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Most inhabited places have evidence of their past visible to an observant viewer. On my Brooklyn block there are a couple of hitching posts for horses that tell of a time when the street was lined with carriage houses. We live with ghosts of the past and often bemoan the tidal waves of gentrification. This phenomenon, no stranger in Red Hook, served as the inspiration for Teaching Artist Richard Estrin’s lesson deconstruct/rebuild and the morning discussion was spirited!

Richard explained that we would be creating layered drawings using three distinct methods and materials. First line drawing from observation in pencil, followed by a loose atmospheric depiction working with long sticks which extended our reach by at least two feet and forced us to move and think in a different manner. Finished off with a blind contour of the same view done in metallic marker.

As inspiration for this project Richard introduced the class to the work of Ethiopian born Julie Mehretu and Swiss artist Alberto Giocometti (1901-1966).

Painting by Julie Mehretu

Painging by Alberto Giocometti

With paper clipped to our drawing boards (generously donated by Tim Metzger) and pencils we set out to the intersection of Dikeman and Conover Streets. Students selected a vantage point then used pencils to draw the scene aiming to depict elements indicative of transformation – such as the cobbled stones under a parked contemporary car or an old wooden fence adjacent to new construction.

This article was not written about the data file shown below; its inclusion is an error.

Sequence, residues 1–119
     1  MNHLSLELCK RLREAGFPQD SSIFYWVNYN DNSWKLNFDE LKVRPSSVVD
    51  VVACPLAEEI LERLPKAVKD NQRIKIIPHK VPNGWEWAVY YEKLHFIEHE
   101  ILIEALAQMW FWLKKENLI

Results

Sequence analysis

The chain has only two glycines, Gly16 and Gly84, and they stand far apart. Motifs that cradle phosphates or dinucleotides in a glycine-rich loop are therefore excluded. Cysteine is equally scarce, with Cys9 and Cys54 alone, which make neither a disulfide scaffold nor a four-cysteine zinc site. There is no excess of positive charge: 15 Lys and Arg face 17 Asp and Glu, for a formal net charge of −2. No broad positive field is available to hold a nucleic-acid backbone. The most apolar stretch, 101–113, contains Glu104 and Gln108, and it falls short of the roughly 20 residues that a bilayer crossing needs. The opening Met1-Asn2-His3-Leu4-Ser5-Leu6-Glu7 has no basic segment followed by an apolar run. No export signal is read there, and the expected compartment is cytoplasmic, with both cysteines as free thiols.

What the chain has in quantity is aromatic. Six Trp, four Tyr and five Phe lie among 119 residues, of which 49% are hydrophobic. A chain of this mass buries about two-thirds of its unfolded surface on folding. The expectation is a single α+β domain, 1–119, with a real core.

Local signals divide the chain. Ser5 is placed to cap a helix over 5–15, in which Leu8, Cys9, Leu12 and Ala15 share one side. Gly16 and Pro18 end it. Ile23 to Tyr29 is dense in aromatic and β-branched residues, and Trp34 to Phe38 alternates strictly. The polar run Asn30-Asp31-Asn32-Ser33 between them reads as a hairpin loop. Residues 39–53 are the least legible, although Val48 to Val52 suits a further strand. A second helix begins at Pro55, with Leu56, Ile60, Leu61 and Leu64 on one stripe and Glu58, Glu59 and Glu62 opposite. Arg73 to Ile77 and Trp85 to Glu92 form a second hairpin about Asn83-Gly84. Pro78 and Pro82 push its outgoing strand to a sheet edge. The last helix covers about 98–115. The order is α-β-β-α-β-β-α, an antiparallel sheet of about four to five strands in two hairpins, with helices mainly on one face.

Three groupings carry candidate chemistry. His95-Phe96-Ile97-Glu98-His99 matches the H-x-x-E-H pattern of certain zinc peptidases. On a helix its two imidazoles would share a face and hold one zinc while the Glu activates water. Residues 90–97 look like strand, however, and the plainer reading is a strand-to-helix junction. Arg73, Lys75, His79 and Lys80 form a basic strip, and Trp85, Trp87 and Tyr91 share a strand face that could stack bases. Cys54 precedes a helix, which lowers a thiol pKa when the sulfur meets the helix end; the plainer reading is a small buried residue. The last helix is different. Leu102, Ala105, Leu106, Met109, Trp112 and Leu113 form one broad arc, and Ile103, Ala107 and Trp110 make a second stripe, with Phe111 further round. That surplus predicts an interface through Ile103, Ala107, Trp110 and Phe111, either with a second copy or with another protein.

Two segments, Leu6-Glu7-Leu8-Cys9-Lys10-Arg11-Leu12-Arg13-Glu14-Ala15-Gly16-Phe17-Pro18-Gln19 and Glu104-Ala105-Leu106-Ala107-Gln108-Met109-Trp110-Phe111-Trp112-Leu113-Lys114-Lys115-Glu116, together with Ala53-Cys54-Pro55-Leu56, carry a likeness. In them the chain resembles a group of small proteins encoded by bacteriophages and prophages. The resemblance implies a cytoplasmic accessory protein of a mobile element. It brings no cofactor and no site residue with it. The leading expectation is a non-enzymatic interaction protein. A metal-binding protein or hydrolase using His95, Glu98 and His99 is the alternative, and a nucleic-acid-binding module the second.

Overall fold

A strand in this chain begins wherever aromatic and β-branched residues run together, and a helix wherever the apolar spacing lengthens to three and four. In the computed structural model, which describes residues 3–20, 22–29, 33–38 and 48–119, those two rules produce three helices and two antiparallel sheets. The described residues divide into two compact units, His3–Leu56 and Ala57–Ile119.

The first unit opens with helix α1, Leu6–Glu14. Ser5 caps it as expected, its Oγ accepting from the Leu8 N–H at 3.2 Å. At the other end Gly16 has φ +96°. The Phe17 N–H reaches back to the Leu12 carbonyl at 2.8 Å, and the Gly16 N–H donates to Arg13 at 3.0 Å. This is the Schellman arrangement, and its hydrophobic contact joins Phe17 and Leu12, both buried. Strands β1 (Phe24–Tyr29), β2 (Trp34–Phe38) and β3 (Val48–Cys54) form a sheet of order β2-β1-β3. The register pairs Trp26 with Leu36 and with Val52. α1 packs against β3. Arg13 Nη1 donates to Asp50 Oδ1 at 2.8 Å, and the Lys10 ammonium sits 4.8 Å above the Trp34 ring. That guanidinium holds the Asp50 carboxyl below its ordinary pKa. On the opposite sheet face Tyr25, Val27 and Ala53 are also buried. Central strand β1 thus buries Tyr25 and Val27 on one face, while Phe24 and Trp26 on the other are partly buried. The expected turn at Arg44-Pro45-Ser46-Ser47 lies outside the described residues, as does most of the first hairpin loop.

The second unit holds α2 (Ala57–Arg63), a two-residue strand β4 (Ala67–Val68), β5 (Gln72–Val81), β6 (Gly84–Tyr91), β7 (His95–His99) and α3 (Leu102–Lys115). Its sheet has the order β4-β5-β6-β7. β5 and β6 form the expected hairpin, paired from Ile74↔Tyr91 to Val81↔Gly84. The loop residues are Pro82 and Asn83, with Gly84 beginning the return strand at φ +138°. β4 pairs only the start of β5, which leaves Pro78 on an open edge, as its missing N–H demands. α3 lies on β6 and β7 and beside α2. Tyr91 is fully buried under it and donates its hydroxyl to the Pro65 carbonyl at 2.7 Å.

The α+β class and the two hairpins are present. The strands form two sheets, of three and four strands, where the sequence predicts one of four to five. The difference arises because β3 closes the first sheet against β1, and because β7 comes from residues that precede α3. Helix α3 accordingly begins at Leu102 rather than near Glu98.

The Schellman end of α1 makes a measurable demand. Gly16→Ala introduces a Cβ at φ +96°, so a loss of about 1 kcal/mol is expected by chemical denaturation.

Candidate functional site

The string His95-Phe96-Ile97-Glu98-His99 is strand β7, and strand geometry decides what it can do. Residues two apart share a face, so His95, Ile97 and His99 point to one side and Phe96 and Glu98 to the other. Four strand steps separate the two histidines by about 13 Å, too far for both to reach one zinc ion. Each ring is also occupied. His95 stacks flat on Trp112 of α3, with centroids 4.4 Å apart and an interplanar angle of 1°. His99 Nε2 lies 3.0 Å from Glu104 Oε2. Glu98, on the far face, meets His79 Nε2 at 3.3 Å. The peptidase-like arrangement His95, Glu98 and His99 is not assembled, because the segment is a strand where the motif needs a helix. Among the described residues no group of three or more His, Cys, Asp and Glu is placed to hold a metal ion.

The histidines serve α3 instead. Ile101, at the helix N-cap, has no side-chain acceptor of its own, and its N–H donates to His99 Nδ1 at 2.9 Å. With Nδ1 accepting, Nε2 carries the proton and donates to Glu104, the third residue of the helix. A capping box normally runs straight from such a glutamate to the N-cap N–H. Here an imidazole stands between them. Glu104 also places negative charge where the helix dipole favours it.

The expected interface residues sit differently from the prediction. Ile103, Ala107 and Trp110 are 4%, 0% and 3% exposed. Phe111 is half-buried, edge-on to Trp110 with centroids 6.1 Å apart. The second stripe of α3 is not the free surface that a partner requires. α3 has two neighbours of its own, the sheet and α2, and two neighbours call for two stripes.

We went back to the gallery for lunch and ice cream then we had some location decisions to make. The weather forecast looked rather to wet to continue outside. However Mildred had some visitors coming to see the exhibition at Kentler and we wanted to make sure that her work could be clearly seen and appreciated. Thus we hatched a plan B that turned out to far surpass our expectations.

Right next door to Kentler is a fantastic shop Wet Whistle Wines, earlier in the week when I stopped in after class I jokingly asked owner Cory Hill if he would be willing to let the ART YARD Summer Session draw in the visually complex and well air-conditioned shop. He said sure and we got a chuckle out of it (as he helped me picked out a cold white to go with dinner.).

Plan B? Ask Cory if he REALLY wouldn’t mind an hour long invasion of artists. Graciously the invitation stood. And boy-oh-boy what a complex and interesting place to draw these three-part complexly layered pieces.

We returned to the gallery for a little more working time on the morning pieces and/or to try the stick drawing method using ink.

Followed by clean-up and final critique. ¡Ay, caramba! I finally remembered to take photos of the work at the end of the day but the battery on my camera ran out of juice.

I suggested to everyone that this weekend while they are out and about they should try look at the world around them envisioning how they would depict the scenery employing some of the new methods and techniques they have learned in the past two weeks. If you are the sketch book toting type – take it a step farther and give it a try!

Hope everyone has a great weekend,

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